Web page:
According to the findings of a doctoral dissertation study, organizations should pay much more attention to the situation of the partners of their international employees than they currently do.
Kaisu Kanstren, a researcher at the University of Vaasa in Finland, gave a presentation on his findings.
Expat partners’ professional identities, career capital development, and subjective well-being were the subject of Kaisu Kanstren’s doctoral dissertation, which she completed in 2012. Kanstren conducted thirty in-depth interviews with Finnish career-oriented expatriate partners for her dissertation.
“Even though the comfort of partners is extremely important for the success of international assignments and recruitment in general, companies and organizations still do not pay sufficient attention to the situation of relocating partners,” Kanstren said. “The success of international assignments and recruitment in general is highly dependent on the comfort of partners.”
According to the findings of the study, global mobility had a significant impact on the career identity of expatriate partners in their home country. Moving abroad for the sake of a partner’s job could result in the loss of the accompanying partner’s career identity in the worst-case scenario; at the best, it could result in the beginning of a new career and the reconstruction of a career identity.
Living abroad also appeared to provide a variety of learning opportunities that allowed the partners to develop their skills and increase their career capital. The partners reported that their self-awareness, self-confidence, coping skills in a foreign environment, intercultural interaction skills, language skills, and understanding of international business had all improved as a result of the experience, according to them.
Furthermore, living abroad results in significant changes in the resources available to the couple, which have an impact on their subjective well-being. These changes include changes in their own careers and financial independence, as well as changes in their social support networks. The acquisition of resources, on the other hand, appeared to have a greater impact on well-being than the loss of resources. The partners actively sought out new resources that produced well-being to replace those that had been lost, for example, by substituting paid work with voluntary work, hobbies, or studies that were related to their own profession to compensate for the loss of paid work.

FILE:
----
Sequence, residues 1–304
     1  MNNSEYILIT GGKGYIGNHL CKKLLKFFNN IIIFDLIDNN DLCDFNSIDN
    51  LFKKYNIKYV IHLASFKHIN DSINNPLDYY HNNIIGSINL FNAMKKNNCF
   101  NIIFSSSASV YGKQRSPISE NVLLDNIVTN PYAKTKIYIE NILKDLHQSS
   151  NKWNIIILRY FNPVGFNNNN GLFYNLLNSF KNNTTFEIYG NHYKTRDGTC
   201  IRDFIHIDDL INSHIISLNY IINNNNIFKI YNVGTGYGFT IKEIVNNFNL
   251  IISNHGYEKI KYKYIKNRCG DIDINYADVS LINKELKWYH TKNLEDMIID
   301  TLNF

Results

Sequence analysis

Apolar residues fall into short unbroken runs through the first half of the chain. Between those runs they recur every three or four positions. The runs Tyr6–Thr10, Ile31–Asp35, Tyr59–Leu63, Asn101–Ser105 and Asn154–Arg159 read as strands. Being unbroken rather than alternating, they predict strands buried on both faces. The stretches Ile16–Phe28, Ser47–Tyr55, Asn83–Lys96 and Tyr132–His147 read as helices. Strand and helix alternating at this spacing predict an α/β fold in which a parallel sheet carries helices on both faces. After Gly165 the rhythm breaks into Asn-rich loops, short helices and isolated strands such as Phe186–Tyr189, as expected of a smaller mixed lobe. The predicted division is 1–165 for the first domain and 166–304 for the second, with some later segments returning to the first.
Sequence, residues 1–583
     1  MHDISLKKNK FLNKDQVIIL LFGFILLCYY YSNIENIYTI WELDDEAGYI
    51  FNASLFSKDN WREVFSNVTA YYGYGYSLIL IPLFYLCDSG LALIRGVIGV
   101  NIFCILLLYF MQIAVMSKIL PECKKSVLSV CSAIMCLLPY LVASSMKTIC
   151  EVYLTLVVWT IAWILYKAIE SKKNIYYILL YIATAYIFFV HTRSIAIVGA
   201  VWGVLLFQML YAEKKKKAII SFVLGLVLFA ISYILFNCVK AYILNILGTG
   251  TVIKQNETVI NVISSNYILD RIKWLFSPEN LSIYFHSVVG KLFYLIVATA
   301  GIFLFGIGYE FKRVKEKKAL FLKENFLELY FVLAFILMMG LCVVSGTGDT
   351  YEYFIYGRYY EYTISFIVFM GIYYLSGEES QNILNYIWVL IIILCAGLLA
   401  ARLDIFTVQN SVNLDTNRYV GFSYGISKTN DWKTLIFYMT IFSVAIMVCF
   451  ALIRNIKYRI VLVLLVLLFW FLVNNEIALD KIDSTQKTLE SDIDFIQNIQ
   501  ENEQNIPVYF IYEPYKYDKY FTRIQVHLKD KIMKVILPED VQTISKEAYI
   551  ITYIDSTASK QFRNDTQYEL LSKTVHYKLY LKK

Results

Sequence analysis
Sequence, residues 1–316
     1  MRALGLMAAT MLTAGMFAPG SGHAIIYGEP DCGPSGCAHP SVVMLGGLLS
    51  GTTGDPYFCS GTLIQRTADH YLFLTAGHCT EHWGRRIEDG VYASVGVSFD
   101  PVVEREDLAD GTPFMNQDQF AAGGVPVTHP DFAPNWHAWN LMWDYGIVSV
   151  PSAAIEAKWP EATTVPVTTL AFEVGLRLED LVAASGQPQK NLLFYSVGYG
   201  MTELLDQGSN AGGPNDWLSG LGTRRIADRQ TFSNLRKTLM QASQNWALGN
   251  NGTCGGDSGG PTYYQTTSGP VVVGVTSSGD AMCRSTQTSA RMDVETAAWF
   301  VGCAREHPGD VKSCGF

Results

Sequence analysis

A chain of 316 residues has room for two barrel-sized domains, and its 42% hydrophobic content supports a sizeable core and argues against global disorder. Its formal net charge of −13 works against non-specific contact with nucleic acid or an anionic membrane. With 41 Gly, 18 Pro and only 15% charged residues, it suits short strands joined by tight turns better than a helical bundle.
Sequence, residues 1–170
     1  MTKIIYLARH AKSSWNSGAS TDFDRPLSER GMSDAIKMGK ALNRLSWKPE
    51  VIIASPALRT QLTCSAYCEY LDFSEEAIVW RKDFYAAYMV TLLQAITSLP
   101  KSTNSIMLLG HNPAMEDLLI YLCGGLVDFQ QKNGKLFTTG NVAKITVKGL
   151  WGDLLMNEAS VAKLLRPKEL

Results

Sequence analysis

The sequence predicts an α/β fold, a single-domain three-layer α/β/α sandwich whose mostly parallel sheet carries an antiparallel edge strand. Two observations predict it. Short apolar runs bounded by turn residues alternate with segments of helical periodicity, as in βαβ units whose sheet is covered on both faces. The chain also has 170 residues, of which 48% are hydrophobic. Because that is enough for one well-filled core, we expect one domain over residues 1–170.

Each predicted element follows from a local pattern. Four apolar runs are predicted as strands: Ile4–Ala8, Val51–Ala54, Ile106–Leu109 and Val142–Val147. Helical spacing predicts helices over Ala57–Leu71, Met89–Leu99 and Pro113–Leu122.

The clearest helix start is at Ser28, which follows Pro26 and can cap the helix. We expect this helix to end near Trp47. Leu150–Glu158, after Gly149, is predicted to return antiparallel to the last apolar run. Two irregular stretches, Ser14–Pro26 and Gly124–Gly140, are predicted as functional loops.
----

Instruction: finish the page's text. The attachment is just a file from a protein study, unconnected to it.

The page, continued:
Expatriate partners, in contrast to their working partners, felt excluded from the support provided by corporations and non-profit organizations. The findings of the doctoral dissertation also highlighted the importance of the partners’ own career management skills, active participation, and self-directedness in the process of achieving a positive experience while traveling.
Companies and organizations that send employees abroad or hire international experts to work in Finland should develop support programs for their partners and include the accompanying partners in all aspects of their relocation and living arrangements, she advised.
Kanstren also believed that partners should be viewed more frequently as potential experts whose skills could be put to greater use more broadly. This would be beneficial to both parties, and moving abroad would not imply that the partners would have to give up their respective professional pursuits.
Specifically, the findings of Kanstren’s doctoral dissertation are based on three substudies that looked at career transitions of expatriate partners, as well as the effects of transitions on the partners’ career identities, the development of career capital, and the partners’ subjective well-being while working in a different country.